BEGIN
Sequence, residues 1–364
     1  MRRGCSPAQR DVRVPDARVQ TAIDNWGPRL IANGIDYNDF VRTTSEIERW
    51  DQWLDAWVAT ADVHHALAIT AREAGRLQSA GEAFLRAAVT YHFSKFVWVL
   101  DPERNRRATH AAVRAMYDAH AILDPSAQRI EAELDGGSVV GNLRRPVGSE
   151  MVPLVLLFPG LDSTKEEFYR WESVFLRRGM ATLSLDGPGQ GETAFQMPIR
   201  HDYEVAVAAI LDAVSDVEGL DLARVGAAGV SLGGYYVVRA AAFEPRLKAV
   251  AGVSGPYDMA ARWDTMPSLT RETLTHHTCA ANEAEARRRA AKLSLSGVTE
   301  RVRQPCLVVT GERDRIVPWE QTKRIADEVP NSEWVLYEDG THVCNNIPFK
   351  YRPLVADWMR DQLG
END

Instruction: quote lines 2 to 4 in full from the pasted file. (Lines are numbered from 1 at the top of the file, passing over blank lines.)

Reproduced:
     1  MRRGCSPAQR DVRVPDARVQ TAIDNWGPRL IANGIDYNDF VRTTSEIERW
    51  DQWLDAWVAT ADVHHALAIT AREAGRLQSA GEAFLRAAVT YHFSKFVWVL
   101  DPERNRRATH AAVRAMYDAH AILDPSAQRI EAELDGGSVV GNLRRPVGSE